In this scholarship process, the candidate is asked to list colleges in order of preference.  How do you choose a college?  The various on-line prospectuses are your best source of information. The prospectus also details each college's current balance of subjects (Arts, Social Sciences, Biological Sciences, Physical Sciences and Technology) which may be useful in your decision. Knowing the number of applicants to each college as well as their success rate might also be useful. If the candidate does not get into the college of first or second choice, the candidate is then added to a pool from which other colleges draw their future students.


Departments are external to the colleges. With regard to the quality of individual departments, consult the list of links on the Selecting and Connecting page.  

First class or an exceptionally high second class

Degrees were formerly graded as "firsts," "seconds," "thirds," "passes" and "fails," with the first three indicated by Roman numerals and with the vast majority of degrees ranked as "seconds."  That led to the second-class degrees being divided into II.i ("two-one") and II.ii ("two-two") degrees, resulting in the vast majority of degrees now being ranked II.i.  There exist various contradictory tables converting these numbers to American letter grades, but in general, a first is commendable while a third is cause for concern.  The Trust instead asks for a 3.7 GPA, although the Trust is well aware that this is now an average grade at some American institutions.  It is sympathetic to Reed's attempts to control grade inflation, and so there is a little wiggle room here.

"Honours" Bachelor degree

Almost all bachelor degrees in England are called "honours" bachelor degrees.  The term does not carry much meaning any more. 

M.Phil. leading to Ph.D.

In many Ph.D. programmes, there is a required M.Phil. portion that the candidate must first complete at Cambridge.  This portion, usually a year long, may have a taught component and may end in an examination or perhaps a paper (for example, a written piece of high standard that demonstrates the ability to do original research).  It is like a probationary period to be completed before the Ph.D. research can commence, and the M.Phil. material usually bears upon the candidate's chosen Ph.D. research.  Candidates for the Gates Scholarship apply directly for the Ph.D. on the understanding that, like all Cambridge students, the M.Phil. portion must be passed in the process.  Gates scholars need not reapply for the Ph.D. once the M.Phil. is passed.  To determine whether an M.Phil. constitutes part of a particular Ph.D. programme, consult the department degree descriptions in Chapter Four of the Graduate Prospectus.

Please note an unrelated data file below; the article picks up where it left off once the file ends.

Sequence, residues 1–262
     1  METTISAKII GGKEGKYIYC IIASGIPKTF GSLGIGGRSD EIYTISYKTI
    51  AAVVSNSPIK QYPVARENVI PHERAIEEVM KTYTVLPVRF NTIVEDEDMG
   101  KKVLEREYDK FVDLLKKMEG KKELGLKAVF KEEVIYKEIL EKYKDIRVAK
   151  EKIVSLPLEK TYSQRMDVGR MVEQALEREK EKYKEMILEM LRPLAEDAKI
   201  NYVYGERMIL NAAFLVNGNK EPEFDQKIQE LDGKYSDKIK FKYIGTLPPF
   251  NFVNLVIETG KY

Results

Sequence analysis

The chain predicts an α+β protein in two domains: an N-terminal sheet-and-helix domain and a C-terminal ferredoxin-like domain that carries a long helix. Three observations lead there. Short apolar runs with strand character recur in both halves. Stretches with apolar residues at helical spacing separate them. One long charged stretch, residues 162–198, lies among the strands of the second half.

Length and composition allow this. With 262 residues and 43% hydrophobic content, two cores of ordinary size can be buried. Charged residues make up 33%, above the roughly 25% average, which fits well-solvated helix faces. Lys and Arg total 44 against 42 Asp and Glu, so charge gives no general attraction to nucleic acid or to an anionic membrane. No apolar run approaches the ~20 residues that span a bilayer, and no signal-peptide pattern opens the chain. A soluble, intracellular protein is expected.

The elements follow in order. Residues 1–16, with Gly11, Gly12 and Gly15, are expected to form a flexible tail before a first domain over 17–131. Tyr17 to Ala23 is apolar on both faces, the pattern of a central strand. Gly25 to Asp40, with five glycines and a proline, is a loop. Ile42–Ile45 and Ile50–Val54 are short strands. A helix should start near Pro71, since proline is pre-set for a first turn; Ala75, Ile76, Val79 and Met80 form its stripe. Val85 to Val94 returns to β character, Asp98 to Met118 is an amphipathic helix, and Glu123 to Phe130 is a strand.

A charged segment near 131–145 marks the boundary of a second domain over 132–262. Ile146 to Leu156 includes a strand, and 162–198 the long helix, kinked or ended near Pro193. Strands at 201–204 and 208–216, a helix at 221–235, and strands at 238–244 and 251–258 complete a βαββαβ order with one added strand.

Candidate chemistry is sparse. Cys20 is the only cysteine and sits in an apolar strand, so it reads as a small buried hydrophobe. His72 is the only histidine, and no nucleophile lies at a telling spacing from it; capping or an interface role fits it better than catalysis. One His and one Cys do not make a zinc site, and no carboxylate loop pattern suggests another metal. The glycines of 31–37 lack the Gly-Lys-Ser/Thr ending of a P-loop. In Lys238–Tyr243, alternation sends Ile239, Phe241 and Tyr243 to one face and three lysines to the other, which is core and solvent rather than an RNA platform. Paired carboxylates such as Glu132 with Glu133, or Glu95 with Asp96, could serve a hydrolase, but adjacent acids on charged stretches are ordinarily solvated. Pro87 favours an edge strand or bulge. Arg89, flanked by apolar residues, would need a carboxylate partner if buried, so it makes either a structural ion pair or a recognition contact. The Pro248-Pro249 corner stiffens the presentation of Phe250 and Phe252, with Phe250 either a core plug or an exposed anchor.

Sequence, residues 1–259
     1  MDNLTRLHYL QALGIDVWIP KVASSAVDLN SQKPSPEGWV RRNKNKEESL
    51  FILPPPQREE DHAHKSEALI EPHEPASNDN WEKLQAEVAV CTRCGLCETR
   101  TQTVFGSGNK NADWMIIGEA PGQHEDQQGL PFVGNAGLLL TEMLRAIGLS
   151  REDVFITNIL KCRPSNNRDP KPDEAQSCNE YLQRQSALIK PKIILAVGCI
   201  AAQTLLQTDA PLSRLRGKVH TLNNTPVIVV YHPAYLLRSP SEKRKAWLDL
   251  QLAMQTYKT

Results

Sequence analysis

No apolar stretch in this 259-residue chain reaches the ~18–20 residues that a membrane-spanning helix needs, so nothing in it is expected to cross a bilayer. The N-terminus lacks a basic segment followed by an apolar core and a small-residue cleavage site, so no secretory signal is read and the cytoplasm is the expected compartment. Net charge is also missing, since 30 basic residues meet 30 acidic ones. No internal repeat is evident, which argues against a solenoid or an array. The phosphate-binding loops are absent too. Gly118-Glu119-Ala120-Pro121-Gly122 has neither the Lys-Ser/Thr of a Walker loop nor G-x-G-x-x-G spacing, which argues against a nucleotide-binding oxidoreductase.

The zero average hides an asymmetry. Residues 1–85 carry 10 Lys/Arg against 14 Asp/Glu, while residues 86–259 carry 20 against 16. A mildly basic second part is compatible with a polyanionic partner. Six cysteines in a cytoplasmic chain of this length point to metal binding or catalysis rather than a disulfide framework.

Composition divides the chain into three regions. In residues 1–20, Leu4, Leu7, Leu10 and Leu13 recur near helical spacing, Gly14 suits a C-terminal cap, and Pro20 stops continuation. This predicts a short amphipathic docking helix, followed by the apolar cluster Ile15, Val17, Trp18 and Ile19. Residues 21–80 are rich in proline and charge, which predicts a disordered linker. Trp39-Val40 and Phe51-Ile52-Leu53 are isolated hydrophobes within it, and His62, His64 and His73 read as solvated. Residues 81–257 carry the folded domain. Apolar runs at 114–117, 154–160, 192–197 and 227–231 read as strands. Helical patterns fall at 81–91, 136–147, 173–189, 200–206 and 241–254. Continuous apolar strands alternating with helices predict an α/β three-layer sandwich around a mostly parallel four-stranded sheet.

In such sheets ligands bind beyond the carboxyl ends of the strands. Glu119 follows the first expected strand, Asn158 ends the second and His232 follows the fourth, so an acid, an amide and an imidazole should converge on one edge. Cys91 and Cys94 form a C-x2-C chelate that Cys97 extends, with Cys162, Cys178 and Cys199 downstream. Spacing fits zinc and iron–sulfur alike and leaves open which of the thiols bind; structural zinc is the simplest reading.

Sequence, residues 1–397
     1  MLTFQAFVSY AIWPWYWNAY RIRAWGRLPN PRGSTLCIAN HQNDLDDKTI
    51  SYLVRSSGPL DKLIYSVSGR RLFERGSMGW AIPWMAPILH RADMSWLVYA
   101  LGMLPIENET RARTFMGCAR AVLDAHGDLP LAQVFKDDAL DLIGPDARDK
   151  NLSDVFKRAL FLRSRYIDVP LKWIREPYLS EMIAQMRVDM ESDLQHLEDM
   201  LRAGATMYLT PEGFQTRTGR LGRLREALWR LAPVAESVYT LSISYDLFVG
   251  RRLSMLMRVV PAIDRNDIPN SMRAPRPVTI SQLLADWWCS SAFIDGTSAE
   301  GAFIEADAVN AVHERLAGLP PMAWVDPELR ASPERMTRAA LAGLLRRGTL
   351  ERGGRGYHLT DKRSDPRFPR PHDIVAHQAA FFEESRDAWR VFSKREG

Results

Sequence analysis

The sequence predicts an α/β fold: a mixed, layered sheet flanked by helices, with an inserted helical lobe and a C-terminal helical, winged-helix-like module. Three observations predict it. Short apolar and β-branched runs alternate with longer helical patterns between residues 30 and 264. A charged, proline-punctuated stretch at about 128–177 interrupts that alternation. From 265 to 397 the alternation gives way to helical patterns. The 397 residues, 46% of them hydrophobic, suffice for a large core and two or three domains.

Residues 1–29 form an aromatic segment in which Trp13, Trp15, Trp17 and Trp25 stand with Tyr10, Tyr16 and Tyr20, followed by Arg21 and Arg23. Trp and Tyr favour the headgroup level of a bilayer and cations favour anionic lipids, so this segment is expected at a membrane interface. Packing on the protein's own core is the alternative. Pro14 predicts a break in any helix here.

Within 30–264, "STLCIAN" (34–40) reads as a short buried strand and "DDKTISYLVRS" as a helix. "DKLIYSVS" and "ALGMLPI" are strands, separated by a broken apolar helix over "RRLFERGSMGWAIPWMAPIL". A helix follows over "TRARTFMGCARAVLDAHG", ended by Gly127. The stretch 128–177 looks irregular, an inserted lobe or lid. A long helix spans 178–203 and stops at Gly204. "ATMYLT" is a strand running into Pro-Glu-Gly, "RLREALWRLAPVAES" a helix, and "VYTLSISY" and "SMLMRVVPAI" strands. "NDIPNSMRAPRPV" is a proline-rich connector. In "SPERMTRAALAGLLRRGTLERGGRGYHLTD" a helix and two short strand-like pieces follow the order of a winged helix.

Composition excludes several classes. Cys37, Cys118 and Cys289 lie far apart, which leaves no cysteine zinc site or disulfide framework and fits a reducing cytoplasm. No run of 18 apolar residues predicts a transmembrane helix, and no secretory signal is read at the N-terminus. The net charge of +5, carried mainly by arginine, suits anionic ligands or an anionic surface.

Please note that there are also other types of one- and two-year masters programmes -- M.Sc., M.Litt. as well as M.Phil. -- which do not lead to Ph.D. programmes. Three years indeed sounds like an incredibly short period of time to secure a Ph.D., but keep in mind that graduate students usually have no teaching responsibilities.  Also, it should be noted that extensions beyond three years can be secured, subject to approval by the Board of Graduate Studies (which requires a letter from your Cambridge supervisor).  Extensions are often for an extra year (and, in rare cases, more).  In some departments, securing extensions has become the norm rather than the exception.  The Trust will consider such extensions on a discretionary basis, but applicants are to come to Cambridge PhD programs with the expectation of completing them in three years.

A final (and personal) word of encouragement

Allow me (i.e. Ken Brashier, Religion Department) to slip into first-person singular.  I was fortunate to take my own Ph.D. at Cambridge and enjoyed it immensely.  The system is indeed very different from what one expects at a U.S. research university with both advantages and disadvantages.  On one hand, there are significantly fewer taught graduate courses, and there is no caste of underpaid graduate students teaching undergraduates.  My colleagues were envious of me because I already had a taught, two-year master's degree from the States with some background in my field's research methods.  On the other hand, the lack of taught courses leads to great advantages as well.  First, there is a great deal of freedom simply to 'get on with it,' to dive into research without the interruption of teaching or being taught.  Second, my supervisor was much more available to me precisely because he wasn't always tied up teaching graduate-level courses.

Finally, Cambridge is a city of cobblestones, boys choirs, limestone spires and sinking punts -- and there is something to be said for all that.  Yet more importantly, it is a center for radio telescope studies, polar research stations and new computer laboratories.  Despite its old reputation as being more focused on the sciences (as opposed to Oxford, which was supposedly a bit more focused on the humanities), Cambridge covers most subjects fairly well.  The newest wing of the University Library (a library that is much easier to use than Oxford's) is devoted to Asian studies, and some rather space-age looking buildings now house the law and various social science departments.  Cambridge (and study in Britain in general) is NOT for everyone, but if you do your homework on the place, you might find good reasons for studying there.  I think Reedies are generally well-suited for Cambridge and Oxford because of their conference experiences, their senior thesis work and the high expectations they place on themselves to do original work. 

Good luck,



St. John's College Second Court, Cambridge

St. John's College Second Court, Cambridge


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Last updated: August 2012